6. At the discretion of the judges, an award may be divided between two or more writers, or, if no submission is found to be of sufficient merit, withheld.

7. An author not granted an award may apply in succeeding years, but once a writer receives an award, that writer may not apply for that same award again. Note: Receiving an honorable mention or runner-up prize in a previous year does not disqualify that student from entering the same contest again. This rule only applies to first-prize winners.

8. Award winners are contacted by email shortly before results are posted, usually in mid-April. With the permission of the writer, winning entries will be posted on the creative writing web site and the MFA listserv. All winners will be invited to participate in the English Department Honors Reception held in May.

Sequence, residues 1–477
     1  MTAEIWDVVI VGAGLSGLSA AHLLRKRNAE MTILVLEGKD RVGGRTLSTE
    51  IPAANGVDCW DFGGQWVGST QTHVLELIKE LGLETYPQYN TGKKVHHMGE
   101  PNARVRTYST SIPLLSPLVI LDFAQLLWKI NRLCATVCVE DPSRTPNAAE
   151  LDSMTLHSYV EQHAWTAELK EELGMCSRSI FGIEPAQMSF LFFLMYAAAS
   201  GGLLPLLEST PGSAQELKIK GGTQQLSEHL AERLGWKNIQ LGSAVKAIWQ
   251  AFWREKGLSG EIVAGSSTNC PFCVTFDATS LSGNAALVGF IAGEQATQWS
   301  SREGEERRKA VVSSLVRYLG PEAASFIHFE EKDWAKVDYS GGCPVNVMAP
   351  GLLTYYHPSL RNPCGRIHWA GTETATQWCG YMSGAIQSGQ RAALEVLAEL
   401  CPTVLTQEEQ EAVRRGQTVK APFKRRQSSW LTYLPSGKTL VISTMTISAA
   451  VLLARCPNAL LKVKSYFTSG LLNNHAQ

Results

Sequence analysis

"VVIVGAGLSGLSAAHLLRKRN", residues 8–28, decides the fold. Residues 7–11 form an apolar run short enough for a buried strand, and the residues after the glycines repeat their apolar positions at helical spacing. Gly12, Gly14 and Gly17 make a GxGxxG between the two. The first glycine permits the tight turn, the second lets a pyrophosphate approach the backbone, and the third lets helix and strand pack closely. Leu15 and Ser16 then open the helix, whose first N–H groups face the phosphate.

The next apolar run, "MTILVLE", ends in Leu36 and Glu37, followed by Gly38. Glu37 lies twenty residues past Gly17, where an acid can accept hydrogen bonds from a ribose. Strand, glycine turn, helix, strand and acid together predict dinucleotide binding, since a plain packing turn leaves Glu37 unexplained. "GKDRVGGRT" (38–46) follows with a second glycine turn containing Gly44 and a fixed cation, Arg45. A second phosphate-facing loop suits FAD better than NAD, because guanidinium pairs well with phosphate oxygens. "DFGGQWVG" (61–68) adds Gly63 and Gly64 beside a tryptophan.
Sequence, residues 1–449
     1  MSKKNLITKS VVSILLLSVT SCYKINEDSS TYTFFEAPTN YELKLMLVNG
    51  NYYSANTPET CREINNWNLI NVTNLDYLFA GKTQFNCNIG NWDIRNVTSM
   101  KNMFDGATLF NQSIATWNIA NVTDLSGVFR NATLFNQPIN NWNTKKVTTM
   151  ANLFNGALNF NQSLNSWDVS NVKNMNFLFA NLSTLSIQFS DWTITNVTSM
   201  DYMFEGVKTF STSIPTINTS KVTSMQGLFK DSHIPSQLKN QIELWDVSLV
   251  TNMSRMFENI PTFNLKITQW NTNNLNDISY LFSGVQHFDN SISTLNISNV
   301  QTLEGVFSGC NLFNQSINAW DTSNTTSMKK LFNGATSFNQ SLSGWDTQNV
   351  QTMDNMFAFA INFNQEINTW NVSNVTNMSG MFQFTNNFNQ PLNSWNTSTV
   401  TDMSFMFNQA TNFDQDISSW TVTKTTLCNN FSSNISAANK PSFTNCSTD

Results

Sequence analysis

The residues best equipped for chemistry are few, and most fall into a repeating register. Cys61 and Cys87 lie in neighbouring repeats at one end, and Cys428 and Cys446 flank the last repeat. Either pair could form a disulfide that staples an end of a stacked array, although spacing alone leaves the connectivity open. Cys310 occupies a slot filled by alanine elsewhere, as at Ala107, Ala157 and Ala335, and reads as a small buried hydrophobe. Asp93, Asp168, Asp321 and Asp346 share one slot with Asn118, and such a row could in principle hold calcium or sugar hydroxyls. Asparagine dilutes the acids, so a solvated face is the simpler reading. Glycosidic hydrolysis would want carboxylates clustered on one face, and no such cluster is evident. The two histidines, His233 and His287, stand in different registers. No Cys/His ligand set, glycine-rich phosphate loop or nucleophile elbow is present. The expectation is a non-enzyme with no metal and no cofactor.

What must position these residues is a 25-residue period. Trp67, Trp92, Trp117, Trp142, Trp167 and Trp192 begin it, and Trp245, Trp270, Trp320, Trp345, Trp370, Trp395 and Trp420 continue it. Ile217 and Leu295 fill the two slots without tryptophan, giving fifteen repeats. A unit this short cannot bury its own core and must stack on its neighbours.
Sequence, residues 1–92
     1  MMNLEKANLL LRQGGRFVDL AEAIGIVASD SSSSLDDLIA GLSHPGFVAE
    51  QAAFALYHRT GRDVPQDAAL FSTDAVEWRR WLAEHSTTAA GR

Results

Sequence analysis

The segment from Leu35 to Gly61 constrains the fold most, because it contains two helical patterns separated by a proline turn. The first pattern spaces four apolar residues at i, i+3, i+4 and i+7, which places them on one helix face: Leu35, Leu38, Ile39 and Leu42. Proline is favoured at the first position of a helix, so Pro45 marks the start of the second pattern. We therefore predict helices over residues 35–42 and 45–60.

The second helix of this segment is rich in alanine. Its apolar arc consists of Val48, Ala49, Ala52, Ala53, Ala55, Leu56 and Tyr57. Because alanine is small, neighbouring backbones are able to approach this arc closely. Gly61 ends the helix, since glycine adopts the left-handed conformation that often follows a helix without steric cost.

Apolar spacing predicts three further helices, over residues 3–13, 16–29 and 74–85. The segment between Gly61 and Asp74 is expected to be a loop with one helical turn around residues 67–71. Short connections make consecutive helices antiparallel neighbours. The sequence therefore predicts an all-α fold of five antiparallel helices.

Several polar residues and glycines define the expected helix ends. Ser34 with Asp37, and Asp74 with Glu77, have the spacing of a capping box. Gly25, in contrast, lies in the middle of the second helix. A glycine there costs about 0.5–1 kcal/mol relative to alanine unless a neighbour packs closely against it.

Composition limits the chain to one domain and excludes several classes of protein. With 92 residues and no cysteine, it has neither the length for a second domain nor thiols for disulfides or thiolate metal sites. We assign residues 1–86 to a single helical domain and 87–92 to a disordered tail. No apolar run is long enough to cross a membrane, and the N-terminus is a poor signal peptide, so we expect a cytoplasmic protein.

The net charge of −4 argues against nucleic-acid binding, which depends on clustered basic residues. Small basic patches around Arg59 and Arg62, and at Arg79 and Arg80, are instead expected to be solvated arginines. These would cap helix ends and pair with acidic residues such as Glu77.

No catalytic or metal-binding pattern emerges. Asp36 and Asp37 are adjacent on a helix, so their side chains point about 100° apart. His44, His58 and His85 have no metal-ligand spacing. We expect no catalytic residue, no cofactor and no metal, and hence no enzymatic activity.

Contest Judges:

Contest judges are selected and announced ahead of the submission deadline each year. Judges are selected and invited to participate each year by the creative writing director. In 2018, the judges were as follows:


Mark Craver Poetry Award: 

Judge: Vivek Narayanan

Vivek Narayanan was born in India and raised in Zambia. He earned an MA in cultural anthropology from Stanford University and an MFA in creative writing from Boston University. He was a Fellow at the Radcliffe Institute, Harvard University (2013-14) and a Cullman Fellow at the New York Public Library (2015-16) for work on his ongoing current project, an experimental “writing through” of the Sanskrit of Valmiki’s Ramayana. Narayanan’s books of poems include Universal Beach and Life and Times of Mr S. A full-length collection of his poems in Swedish translation was published in 2015 by the Stockholm-based Wahlström & Widstrand. He is co-editor of Almost Island (almostisland.com), a ten-year-old India-based journal, literary organization, and press.

Virginia Downs Poetry Award: 

Judge: Emily Tuszynska